THE SOUTH DOWNS WAY: INDEX OF POSTS and everything you need to know!

Index of Posts on Walking the South Downs Way from Winchester to Eastbourne


How long did it take me to walk the South Downs Way? – 10 days (but this could be easily shortened)

How fit do you have to be to walk the South Downs Way? – I would say I am of above slightly average fitness for my age (59 year old female).  However, despite me moaning at times about the hills it was not too difficult and, of course, I took my time.  With a little training anyone of average fitness could manage it.

Is it easy to find accommodation along the South Downs Way?

Yes, there is plenty of accommodation but it is all off-route, so you have to be prepared for a climb up to the ridge each morning.  The South Downs Way National Trail site gives details and Google as always is useful.


1 The South Downs Way:  Winchester – The Adventure begins

Day One:  Winchester to Exton

Day Two:  Exton to Burriton

4 Day Three:  Burriton to Cocking

5 Day Four:  Cocking to Amberley

6 Day Five:  Amberley to Washington

Day Six:  Washington to Upper Beeding

8  Day Seven:  Upper Beeding to Pycombe

9 Day Eight:  Pycombe to Kingston near  Lewes

10  Day Nine:  Kingston near Lewes to Alfriston

11 Day Ten:  Alfriston to Eastbourne

Afterthoughts:  Traditionally the South Downs Way was walked East to West (I walked West to East as I always like the prevailing wind behind me and in the South of England the sea on my right).  It was originally 70 miles long and extended to Winchester in 1981.  If short of time I would definitely just walk the original seventy mile route – it is a treat not to be missed.   I had T to help with lifts  as public transport links are variable.  I would recommend Antony Linick’s blog if considering walking it in daily sections travelling down from London.  The guidebook I used was Jim Manthorpe’s “South Downs Way” – this is very detailed with hand-drawn maps and full of useful information.   I also carried with me “The A to Z South Downs Adventure” – but found that I did not need to refer to it often.  Being a National Trail all the route is well way-marked.   The South Downs Way website was also very useful.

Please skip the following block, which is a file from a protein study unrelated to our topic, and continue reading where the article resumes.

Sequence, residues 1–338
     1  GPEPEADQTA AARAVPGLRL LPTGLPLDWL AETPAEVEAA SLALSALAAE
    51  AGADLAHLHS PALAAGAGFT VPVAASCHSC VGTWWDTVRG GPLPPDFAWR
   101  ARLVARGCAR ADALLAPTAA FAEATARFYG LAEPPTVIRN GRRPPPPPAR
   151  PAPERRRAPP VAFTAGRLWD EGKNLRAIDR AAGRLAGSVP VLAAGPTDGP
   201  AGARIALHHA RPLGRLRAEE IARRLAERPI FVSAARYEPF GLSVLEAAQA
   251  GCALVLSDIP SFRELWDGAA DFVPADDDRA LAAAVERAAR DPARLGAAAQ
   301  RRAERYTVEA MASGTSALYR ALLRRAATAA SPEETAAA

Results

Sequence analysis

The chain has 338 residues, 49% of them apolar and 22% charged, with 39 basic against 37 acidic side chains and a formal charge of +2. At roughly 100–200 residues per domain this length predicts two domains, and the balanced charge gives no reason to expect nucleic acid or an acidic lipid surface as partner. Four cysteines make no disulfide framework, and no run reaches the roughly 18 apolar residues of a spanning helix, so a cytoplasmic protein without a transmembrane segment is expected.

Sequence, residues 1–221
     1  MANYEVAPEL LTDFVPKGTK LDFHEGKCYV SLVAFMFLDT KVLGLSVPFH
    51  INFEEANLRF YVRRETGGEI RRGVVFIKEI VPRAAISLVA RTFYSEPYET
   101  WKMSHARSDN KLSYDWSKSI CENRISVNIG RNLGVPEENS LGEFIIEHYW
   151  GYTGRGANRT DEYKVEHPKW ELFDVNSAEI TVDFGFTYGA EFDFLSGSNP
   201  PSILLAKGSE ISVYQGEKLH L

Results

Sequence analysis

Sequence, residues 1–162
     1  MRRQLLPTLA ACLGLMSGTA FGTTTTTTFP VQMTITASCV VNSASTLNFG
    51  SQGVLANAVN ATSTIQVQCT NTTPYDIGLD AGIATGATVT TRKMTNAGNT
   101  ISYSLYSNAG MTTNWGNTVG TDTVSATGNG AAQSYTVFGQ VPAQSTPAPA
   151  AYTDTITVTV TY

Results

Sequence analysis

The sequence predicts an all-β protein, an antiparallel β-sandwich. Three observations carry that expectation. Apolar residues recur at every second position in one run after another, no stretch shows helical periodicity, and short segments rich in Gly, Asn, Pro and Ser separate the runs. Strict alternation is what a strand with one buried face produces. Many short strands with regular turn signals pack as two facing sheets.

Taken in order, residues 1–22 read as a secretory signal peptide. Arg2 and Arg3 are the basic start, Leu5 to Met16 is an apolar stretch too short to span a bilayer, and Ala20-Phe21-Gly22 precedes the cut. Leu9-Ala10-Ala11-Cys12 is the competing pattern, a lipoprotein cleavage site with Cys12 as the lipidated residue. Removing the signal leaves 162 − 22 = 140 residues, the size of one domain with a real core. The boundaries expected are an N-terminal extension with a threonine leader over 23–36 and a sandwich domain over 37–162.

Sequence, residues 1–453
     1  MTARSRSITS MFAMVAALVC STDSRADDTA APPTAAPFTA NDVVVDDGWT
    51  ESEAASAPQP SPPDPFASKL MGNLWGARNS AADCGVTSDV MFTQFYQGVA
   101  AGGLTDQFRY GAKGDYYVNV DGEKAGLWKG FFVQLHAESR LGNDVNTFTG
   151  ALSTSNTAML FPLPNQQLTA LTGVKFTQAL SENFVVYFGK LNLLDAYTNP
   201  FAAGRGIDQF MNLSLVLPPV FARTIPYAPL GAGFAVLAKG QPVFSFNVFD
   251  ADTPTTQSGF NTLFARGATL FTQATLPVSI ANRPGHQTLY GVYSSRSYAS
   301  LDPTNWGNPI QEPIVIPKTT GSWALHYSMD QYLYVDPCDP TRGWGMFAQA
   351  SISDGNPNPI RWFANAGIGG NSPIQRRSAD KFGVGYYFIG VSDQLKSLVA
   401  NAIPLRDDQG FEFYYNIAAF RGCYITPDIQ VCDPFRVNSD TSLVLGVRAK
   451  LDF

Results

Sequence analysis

I believe that I have average fitness and although I had had some concerns over the hills I managed well.   Some of my shorter days could quite easily have been combined.  Accommodation is fairly easy to obtain along the way (although quite expensive unless you can get the Youth Hostel’s locations to coincide with the end of the day’s walking).   By searching through links on the web I found  a useful                  guide to camping and hostels along the South Downs Way.    When planning the timescale I also had to take into account the time it would take to get up and down from the Downs into the nearby villages and towns for accommodation.  This often added quite a bit on to the start of the day.

Sections of the Way are quite busy and if you prefer solitary walking (as I do!), then perhaps weekends would be better avoided.  I needed another adventure after my trek along The Pilgrims Way from Winchester to Canterbury last year and this fitted the bill well.  What next?  The Camino??

My book “The Woman Who Walked Through Fear” detailing my adventures on my pilgrimage along the old Way from Winchester to Canterbury will be published by Sitting Duck Press shortly.


One Comment Add yours

  1. Jackie says:

    Reblogged this on About The Journey.


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